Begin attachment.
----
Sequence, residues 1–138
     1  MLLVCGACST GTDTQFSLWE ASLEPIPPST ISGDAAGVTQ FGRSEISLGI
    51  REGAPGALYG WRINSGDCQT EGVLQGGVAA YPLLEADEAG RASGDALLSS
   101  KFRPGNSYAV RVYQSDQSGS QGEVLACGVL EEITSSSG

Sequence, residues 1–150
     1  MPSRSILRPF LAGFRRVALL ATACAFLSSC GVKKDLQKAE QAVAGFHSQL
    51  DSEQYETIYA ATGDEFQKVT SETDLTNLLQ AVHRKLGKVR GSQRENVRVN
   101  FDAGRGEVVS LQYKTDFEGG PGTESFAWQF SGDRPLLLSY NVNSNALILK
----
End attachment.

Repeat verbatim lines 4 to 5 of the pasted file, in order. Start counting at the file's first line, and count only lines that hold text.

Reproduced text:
   101  KFRPGNSYAV RVYQSDQSGS QGEVLACGVL EEITSSSG

Sequence, residues 1–150